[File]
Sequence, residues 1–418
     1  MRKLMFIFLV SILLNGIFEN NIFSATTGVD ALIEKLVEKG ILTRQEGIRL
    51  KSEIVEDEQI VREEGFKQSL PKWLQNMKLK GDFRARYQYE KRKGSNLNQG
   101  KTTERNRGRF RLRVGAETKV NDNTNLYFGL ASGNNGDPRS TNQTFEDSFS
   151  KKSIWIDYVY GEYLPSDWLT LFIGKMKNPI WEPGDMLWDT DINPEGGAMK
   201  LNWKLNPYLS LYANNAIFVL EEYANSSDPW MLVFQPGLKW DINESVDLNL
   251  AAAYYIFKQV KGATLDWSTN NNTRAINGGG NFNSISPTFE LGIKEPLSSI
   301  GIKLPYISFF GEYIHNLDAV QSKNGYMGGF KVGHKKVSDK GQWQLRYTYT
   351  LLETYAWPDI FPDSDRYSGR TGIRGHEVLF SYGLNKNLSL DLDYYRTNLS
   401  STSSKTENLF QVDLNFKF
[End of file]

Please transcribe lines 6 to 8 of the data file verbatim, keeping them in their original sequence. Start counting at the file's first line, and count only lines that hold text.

   201  LNWKLNPYLS LYANNAIFVL EEYANSSDPW MLVFQPGLKW DINESVDLNL
   251  AAAYYIFKQV KGATLDWSTN NNTRAINGGG NFNSISPTFE LGIKEPLSSI
   301  GIKLPYISFF GEYIHNLDAV QSKNGYMGGF KVGHKKVSDK GQWQLRYTYT